The luxury fashion retailer is using a tool from personalization vendor Qubit to make browsing items on mobile sites easier.

Fashion retailer Diane von Furstenberg has a problem common among online retailers: Its mobile traffic significantly outpaces mobile sales.

“Mobile is where we continue to see traffic growth, but in terms of revenue versus desktop it’s not near equal,” says Felipe Araujo, head of e-commerce at Diane von Furstenberg, which sells online at

While mobile now accounts for over 50% of traffic for the retailer and continues to grow, mobile revenue is significantly less than 50% of total web revenue, Araujo says.

To see if it could even the course, the retailer this spring was one of the first merchants to test a feature from personalization vendor Qubit called Aura. The tool, designed for mobile sites, allows a consumer to click an icon to see items she might like based on her past purchases, trending items and products popular on social media. The goal is to facilitate product discovery, much as one would scroll with a mobile device on Pinterest or Instagram, but within the confines of and with DVF products., No. 532 in the Internet Retailer 2017 Top 1000, sells more than 300 apparel and accessories products for women and Araujo says web sessions on desktop are 35% longer than on its mobile site.


“Mobile is great if you know what you want, but it’s not great for discovery,” Araujo says. “A lot of the mobile discovery phase is on social media, like Instagram and Pinterest. We wanted to bring mobile discovery within our walls.” He adds that even shoppable features that social networks have added have been clunky in his experience because of the back and forth between the social network and a retail site.

To use the feature with DVF, shoppers tap the Aura icon at the bottom of the mobile site that says “Need a bit of inspiration?” The icon opens the tool, which is coined “Your Diane Von Furstenburg companion.”

When a shopper first uses the feature, the site displays trending products and categories to navigate, such as Dresses or Sale items. However, as a shopper begins clicking, Aura tailors the tool based on her actions. Shoppers also can save items to a My Picks section, which is similar to a wish list but shoppers don’t need to log in to access it. My Picks items are saved in the feature for the next time the shopper returns. “You can close Aura and open Aura seamlessly,” Araujo says. “It feels very cohesive.”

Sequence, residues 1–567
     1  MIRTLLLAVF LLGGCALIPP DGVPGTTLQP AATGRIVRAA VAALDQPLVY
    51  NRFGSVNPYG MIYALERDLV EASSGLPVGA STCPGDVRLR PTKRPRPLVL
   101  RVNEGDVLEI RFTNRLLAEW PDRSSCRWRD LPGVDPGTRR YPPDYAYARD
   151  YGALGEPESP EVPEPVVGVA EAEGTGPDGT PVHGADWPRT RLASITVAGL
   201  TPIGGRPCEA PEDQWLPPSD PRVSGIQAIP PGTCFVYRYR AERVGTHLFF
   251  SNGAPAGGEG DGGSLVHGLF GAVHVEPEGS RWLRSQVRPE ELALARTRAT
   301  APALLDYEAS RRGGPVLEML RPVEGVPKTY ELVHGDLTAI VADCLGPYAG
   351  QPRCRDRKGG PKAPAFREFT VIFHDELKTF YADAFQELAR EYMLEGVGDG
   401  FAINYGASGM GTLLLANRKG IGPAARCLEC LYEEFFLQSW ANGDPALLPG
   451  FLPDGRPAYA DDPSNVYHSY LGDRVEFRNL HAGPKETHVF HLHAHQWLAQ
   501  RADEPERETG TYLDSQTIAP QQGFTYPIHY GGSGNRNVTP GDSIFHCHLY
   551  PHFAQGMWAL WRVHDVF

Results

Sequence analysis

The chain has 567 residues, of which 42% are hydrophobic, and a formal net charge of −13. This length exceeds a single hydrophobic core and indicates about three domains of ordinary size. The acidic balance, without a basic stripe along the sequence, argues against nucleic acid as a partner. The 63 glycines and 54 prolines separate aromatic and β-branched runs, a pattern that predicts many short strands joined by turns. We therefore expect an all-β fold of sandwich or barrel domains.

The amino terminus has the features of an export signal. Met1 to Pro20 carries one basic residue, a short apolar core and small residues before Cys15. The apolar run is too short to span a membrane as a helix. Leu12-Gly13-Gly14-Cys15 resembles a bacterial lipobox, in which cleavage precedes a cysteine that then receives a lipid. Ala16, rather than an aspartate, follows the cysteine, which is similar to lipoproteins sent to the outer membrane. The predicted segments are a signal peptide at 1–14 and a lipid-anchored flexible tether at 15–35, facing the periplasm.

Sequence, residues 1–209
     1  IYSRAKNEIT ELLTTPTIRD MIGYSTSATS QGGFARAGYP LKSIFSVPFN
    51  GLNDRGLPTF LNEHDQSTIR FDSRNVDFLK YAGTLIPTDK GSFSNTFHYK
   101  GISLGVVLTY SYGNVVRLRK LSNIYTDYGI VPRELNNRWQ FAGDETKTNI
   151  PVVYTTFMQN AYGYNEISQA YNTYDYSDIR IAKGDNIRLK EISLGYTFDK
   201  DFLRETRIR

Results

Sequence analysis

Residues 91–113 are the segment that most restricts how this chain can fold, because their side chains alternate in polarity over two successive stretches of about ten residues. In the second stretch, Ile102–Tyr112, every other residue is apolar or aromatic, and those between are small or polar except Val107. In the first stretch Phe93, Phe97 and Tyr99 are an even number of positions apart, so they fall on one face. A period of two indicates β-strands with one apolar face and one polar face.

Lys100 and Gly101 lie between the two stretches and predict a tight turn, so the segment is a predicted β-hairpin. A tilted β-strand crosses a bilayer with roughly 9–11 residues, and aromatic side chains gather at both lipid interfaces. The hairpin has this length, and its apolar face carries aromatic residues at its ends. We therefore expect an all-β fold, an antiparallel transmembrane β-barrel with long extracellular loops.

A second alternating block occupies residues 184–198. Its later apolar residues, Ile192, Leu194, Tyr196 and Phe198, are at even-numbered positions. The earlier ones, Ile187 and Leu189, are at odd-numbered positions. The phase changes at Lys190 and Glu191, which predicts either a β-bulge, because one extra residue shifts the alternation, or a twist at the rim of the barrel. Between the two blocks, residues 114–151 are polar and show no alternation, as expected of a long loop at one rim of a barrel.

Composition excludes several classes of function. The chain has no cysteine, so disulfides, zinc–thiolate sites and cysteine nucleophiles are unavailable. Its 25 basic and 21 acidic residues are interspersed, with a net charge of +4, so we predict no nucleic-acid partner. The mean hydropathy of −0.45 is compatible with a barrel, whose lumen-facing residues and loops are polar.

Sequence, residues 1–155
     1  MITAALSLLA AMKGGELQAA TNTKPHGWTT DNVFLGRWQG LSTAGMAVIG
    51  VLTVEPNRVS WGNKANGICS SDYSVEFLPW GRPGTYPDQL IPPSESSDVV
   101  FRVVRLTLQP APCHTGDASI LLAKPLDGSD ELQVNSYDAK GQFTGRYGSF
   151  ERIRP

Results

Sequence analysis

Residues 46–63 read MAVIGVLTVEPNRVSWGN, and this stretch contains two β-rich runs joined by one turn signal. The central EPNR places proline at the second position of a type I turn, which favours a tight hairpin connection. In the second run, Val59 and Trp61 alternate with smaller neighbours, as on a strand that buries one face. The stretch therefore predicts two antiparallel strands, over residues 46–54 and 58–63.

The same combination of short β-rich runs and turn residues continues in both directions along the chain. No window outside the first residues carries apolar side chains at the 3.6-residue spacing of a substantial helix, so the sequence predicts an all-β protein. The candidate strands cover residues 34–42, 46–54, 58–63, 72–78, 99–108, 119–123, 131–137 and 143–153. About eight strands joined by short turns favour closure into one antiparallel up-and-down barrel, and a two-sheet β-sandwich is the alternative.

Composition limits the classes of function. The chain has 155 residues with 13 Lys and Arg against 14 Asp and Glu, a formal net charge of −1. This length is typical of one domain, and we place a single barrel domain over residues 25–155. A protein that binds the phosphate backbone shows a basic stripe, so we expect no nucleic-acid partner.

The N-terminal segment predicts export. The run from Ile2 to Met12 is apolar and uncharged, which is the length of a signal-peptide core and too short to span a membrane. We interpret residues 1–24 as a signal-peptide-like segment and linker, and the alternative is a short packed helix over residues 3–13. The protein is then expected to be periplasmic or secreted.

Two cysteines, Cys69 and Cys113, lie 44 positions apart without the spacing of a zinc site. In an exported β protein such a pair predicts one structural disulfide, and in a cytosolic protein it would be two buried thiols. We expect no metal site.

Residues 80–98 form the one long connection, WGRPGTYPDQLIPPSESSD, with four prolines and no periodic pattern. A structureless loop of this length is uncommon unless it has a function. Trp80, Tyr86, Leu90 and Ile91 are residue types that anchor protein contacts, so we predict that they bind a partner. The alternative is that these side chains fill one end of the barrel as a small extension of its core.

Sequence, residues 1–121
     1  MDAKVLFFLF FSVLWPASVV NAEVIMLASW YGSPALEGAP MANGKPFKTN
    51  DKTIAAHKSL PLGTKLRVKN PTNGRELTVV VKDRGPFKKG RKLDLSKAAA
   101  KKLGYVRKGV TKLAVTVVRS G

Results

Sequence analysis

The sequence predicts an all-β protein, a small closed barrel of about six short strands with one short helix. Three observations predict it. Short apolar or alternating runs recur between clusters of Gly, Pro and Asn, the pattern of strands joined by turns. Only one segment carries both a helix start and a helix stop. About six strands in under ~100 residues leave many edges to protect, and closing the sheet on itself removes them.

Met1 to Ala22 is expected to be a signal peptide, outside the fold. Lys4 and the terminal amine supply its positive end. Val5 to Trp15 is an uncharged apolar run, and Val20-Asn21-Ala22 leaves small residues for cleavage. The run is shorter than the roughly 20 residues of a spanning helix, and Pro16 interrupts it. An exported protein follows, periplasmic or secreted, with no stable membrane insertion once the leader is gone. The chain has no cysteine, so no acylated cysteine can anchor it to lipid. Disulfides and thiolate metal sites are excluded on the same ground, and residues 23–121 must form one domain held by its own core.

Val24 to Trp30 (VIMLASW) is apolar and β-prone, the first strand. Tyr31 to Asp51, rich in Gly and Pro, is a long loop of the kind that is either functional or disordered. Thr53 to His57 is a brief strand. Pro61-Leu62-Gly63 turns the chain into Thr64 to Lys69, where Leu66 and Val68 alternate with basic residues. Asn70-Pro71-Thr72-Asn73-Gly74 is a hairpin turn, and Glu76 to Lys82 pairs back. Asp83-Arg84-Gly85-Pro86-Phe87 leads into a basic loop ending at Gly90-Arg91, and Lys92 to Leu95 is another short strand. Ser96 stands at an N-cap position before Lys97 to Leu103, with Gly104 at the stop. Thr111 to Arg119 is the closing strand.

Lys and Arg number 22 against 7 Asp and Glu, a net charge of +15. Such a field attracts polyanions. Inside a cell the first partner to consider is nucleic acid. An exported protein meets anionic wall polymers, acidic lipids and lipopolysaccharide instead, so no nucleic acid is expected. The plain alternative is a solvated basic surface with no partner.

The conversion rate for mobile shoppers that engage with Aura is 4.3%, which is about 400% higher than the mobile conversion rate for shoppers who don’t use the tool, Araujo says. 7.2% of mobile visitors use the tool, the retailer says.


The new tool is part of a web and mobile web overhaul that DVF embarked on about a year ago, Araujo says. The merchant relaunched its site in January with Demandware, which is part of the Salesforce Commerce Cloud, with a goal to simplify the site and make it less cluttered and easier to use. For example, used to offer nine categories on the home page but saw that most shoppers only used about three, so it trimmed the options, moving less-used categories such as Occasions and Silhouettes into subcategories. The retailer also eliminated reviews because the feature didn’t drive conversions.

Since its overhaul, conversions on DVF’s U.S. site have nearly doubled, Araujo says.

Organic cosmetics brand JuiceBeauty also is using Aura to quickly add sophisticated targeting technology to its mobile site.

“It’s like a personal concierge,” says Jeffrey Grannis,  the retailer’s director of digital.


He says the tool is particularly useful on the small screen of a smartphone, where it can be tiresome to navigate through many category pages.

When launching Aura, Qubit analyzed data across 35 fashion and cosmetics brands since January 2017 and spotted trends in consumer behavior when comparing desktop and mobile. It found:

  • Traffic to each channel is about the same: 45.87% on desktop vs. 44.7% on mobile.
  • Conversion rates on desktop are more than double that of mobile: 3.35% on desktop compared with 1.61% on mobile.
  • Revenue per visitor is more than double on desktop: $8.01 on desktop vs. $3.49 on mobile.
  • The average number of products viewed per customer is far higher on desktop: 17.99 on desktop vs. 13.65 on mobile.

Los Angeles-based beauty brand ColourPop also is employing Aura. It says 31% of mobile visitors open the tool, and it has generated 4.2% lift in revenue per visitor compared with those who don’t use it.

Wolf & Badger, an online marketplace for independent brands, is another e-commerce site seeing results with Aura, generating a 3.6% increase in mobile conversions for its more than 30,000 products since implementing the tool.


“In the same way Netflix tailors the experience to each user based on their watching habits, and Spotify curates playlists for your listening habits, Qubit Aura does the same for e-commerce,” says Graham Cooke, CEO of Qubit. “No two experiences are the same.”